U.K. telecoms regulator Ofcom has published details for a forthcoming spectrum auction, early next year, that will see bidders shelling out for the equivalent of around three-quarters of the spectrum released in the last major U.K. spectrum sale (back in 2013).
The 2013 auction kicked off a mass rollout of 4G/LTE services in the U.K.. Ofcom is hoping this next swathe of spectrum releases — available as part of a program to free up Ministry of Defence owned airways for civilian use — will help support the development of 5G mobile services.
For that reason Ofcom says it’s not placing caps on the amount of spectrum bidders can buy to avoid blocking companies making bids for large blocks of adjacent spectrum which it says “have the potential to support very fast download speeds” and to support the development of the next-generation of mobile network tech, 5G.
A total of 190 MHz of high-capacity spectrum is being made available in two bands (2.3 GHz and 3.4 GHz) via the auction. Ofcom has set a total reserve price of £70m for the spectrum. The 4G auction raised £2.3 billion, with bidders including fixed line incumbent BT, and major mobile carriers Vodafone, Telefonica/O2, and EE, as well as smaller mobile upstart Three.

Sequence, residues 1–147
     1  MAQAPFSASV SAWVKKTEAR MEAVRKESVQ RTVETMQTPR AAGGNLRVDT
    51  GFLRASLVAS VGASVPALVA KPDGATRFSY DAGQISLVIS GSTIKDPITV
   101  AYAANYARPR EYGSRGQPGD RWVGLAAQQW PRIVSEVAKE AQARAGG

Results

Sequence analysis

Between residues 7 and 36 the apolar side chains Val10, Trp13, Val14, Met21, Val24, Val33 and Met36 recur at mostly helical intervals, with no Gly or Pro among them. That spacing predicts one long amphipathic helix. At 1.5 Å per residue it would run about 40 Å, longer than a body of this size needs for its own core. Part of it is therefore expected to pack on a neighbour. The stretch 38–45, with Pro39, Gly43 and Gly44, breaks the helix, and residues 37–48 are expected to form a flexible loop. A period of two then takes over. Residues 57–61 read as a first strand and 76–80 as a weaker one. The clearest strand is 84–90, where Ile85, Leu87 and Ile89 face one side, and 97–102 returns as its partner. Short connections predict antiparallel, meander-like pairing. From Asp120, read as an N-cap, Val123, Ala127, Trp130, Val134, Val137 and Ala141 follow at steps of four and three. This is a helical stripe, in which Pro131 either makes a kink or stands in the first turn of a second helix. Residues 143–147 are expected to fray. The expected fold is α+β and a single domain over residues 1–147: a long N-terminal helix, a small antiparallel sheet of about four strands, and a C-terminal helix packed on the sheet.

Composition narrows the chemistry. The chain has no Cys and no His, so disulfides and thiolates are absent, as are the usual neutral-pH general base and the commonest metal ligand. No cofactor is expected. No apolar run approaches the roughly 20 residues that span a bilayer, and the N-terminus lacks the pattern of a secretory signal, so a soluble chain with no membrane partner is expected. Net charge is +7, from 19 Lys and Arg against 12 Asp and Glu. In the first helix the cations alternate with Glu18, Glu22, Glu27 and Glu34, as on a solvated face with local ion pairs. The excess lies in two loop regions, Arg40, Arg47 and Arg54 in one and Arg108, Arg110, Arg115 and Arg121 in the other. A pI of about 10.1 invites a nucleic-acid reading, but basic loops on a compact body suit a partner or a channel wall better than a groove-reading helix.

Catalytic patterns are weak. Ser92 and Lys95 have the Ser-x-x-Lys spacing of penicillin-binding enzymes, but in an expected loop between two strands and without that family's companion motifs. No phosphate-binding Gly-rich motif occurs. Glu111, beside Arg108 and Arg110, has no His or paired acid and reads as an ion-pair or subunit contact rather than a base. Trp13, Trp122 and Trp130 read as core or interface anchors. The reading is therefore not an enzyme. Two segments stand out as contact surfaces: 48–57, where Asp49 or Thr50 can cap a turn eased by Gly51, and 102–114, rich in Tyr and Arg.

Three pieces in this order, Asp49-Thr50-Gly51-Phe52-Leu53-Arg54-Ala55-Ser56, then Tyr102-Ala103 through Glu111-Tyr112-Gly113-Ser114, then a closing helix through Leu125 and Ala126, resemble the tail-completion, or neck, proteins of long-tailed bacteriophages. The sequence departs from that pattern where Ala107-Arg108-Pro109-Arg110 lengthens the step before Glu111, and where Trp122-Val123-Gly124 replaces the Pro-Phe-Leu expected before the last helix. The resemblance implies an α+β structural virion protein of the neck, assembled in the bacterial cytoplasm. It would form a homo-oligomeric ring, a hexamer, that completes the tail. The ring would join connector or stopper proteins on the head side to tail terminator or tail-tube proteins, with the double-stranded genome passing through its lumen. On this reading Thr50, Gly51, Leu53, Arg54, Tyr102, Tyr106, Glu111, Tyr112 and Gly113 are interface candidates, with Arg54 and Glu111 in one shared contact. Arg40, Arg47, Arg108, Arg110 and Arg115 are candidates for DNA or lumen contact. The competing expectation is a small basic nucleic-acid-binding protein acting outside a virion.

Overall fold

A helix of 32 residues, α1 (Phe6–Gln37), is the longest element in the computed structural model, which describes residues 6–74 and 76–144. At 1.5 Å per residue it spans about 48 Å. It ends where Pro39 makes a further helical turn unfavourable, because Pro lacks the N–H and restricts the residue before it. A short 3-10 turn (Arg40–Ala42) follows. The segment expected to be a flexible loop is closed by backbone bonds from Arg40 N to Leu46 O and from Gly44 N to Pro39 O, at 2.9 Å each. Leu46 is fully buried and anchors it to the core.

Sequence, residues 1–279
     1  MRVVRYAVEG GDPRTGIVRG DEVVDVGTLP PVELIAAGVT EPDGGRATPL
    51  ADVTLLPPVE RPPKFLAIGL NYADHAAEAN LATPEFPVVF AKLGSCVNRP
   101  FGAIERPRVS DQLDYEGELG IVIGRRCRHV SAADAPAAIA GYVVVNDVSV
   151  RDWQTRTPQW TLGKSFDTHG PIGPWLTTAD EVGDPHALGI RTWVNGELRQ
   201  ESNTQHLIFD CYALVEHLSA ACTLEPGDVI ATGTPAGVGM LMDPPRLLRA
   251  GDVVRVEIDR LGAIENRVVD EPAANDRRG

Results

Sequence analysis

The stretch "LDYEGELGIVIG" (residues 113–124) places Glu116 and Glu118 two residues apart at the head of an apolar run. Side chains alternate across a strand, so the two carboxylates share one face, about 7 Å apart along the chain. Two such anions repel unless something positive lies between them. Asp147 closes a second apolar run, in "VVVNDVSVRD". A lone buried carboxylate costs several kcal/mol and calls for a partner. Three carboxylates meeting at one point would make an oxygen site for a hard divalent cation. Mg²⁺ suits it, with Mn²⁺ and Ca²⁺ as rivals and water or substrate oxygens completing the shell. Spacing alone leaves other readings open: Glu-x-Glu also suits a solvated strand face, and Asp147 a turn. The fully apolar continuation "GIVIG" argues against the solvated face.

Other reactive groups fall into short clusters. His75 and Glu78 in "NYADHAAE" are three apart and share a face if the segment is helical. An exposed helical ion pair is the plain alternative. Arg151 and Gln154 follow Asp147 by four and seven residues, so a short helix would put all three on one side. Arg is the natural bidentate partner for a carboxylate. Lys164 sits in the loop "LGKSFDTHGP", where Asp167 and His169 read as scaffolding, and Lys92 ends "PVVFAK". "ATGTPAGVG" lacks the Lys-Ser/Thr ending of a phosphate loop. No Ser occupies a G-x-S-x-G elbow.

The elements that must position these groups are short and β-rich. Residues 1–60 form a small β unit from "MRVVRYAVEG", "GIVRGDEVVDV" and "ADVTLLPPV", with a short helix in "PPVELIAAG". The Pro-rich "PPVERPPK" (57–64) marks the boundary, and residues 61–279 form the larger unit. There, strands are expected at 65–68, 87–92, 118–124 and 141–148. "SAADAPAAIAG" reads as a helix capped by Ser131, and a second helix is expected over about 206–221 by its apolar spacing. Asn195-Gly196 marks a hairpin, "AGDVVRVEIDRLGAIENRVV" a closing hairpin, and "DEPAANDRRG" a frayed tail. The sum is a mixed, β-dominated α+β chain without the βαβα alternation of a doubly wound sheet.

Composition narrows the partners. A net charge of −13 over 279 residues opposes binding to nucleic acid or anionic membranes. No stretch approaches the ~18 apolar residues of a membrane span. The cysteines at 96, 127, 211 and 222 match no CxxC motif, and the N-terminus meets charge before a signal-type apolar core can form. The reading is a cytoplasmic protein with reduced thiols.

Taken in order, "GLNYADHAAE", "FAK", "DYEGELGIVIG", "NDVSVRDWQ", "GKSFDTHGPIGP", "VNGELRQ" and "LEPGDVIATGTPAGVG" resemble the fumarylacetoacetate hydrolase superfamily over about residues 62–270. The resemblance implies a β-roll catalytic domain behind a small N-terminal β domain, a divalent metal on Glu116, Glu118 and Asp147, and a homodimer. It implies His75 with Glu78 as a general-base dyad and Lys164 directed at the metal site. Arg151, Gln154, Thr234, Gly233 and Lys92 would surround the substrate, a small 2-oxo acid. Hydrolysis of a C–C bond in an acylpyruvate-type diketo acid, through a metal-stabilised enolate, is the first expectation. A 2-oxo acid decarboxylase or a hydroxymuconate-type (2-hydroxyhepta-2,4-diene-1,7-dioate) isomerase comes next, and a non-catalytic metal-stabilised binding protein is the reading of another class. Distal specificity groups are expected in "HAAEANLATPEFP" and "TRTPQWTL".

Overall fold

However there has been substantial consolidation in the U.K.s mobile carrier landscape since then — with BT now owning EE and the owner of Three buying O2 from Telefonica. So there are fewer existing carriers to bid on the spectrum this time round.
Ofcom notes that “many” existing smartphones are already compatible with the 2.3 GHz spectrum band, which is already being used for 4G mobile services in 10 countries outside Europe, including China, India and Australia. While the 3.4 GHz band is currently being used for 4G wireless broadband in six countries, including the UK, Canada and Spain.